All over the Great Lakes, wooden schooners were colliding, breaking away and sinking. Others were destroyed by fire. Actually, it wasn’t usually the dark, stormy nights, but the inexperienced crews that caused most of the shipping accidents in the late 1800s. However, Lake Superior shipwrecks continued well into the late 1900s.
Horrific shipwrecks and terrific rescues occurred throughout the shipping season across Lake Superior. Wrecks were most numerous off the Keweenaw Peninsula in Upper Michigan, at ports, and in the waters surrounding Isle Royale. Much of the shipping traffic along the North Shore included passengers as well as cargo, since no roadways existed northeast out of Duluth.
The Lake Superior Maritime Center, Split Rock Historical Center and the North Shore Fishing Museum in Tofte offer displays, exhibits and videos on Lake Superior’s shipping activity. The quintessential shipwreck reference is Dr. Julius Wolff’s “The Shipwrecks of Lake Superior.”
The port of Two Harbors has had its share of beachings and accidents, too. The most famous incident took place October 30, 1896. A Duluth cargo freighter, the Hesper, was towing a converted three-masted schooner, the Samuel P. Ely to Two Harbors. Both vessels withstood the roaring squall and entered the harbor.
The towline either broke or was cast off too soon, and the 200-foot Ely was rammed first into a docked scow, then the western breakwall. As the tug Ella G. Stone approached, the Ely began breaking up. The tug was able to retrieve the crew and two men from the scow. The Ely settled to the harbor bottom and eventually became part of the new western breakwater. In 1962 divers found the Ely in about 30 feet of water. Since she was well preserved, they started a diving service that took folks to the wreck and allowed divers to keep one set of dishes. A skeptical journalist made the dive, collected his set of dishes and exposed the service for planting dishes from Goodwill onboard the Ely. The diving service quickly folded, but the Ely remains one of the most-visited wrecks, safe within the harbor refuge.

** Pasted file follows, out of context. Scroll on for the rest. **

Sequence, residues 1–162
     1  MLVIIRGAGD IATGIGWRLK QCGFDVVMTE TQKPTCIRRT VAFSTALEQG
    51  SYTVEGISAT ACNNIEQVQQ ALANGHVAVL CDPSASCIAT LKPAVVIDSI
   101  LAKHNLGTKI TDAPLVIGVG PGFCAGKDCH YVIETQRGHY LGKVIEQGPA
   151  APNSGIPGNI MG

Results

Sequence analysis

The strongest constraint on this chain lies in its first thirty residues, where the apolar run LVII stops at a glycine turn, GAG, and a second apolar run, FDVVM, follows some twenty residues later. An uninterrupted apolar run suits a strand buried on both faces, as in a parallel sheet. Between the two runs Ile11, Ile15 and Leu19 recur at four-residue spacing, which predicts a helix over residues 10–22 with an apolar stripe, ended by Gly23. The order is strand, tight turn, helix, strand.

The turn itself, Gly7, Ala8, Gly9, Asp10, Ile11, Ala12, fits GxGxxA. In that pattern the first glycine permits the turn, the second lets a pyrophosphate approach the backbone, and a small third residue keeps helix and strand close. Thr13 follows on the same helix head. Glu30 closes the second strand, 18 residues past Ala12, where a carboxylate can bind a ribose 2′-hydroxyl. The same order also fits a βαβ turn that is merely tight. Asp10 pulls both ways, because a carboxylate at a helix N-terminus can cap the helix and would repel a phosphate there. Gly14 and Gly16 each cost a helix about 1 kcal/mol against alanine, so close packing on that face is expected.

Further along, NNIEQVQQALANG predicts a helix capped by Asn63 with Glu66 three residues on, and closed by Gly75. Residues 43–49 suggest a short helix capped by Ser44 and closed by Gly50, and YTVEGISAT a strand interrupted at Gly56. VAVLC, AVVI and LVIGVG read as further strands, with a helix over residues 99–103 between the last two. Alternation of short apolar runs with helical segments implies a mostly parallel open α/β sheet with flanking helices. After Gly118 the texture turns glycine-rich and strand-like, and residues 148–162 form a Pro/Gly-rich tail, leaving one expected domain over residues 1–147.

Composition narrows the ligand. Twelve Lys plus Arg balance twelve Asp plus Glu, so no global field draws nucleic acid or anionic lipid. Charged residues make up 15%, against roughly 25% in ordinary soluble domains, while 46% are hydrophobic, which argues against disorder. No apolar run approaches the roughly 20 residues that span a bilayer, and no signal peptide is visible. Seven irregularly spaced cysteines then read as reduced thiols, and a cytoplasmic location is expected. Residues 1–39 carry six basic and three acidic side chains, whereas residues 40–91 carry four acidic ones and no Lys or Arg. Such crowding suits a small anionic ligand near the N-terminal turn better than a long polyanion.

The Hesper’s luck held for the next eight and a half years. Then the 250-foot wooden steamer was driven off course during a spring nor’easter on May 3, 1905. Waves from the 60-mile-an-hour winds hurled the Hesper onto a reef southwest of present-day Silver Bay. Another wave hoisted the steamer over the reef, dropped her and smashed her to bits in 42 feet of water. The crew was able to save themselves on lifeboats.
Major shipwrecks and numerous fires, collisions and sinkings took place in the vicinity of the Duluth harbor. One of the two worst wrecks in Duluth history happened on June 7, 1902. The morning was calm and clear as the 288-foot wooden ship George G. Hadley steamed inbound toward the Duluth Ship Canal. Meanwhile the 308-foot steel whaleback Thomas Wilson steamed out of the harbor into the canal. (Remember only the canal existed; no bridge had been erected yet.)
A half mile off the piers, the Hadley was directed by the tug Annie L. Smith to enter the Superior harbor. The Hadley captain changed course to the left without blowing the required whistle signals or noticing the Wilson coming down the canal. The Wilson captain attempted a starboard (right) turn, since a port turn would have stranded the ship. Neither captain was able to turn sharply enough. Hadley’s wooden prow drove hard into the whaleback’s steel side. Within three minutes, the Wilson rolled, tipped bow (front) down and dove to Superior’s bottom, taking nine men with her. The Hadley rescued the remaining Wilson crew before staggering off to the sandy beach south of the canal where she sank. The Hadley crew and Wilson survivors made it to shore safely. Any remnants of the Hadley and Wilson remain today on the lake bottom.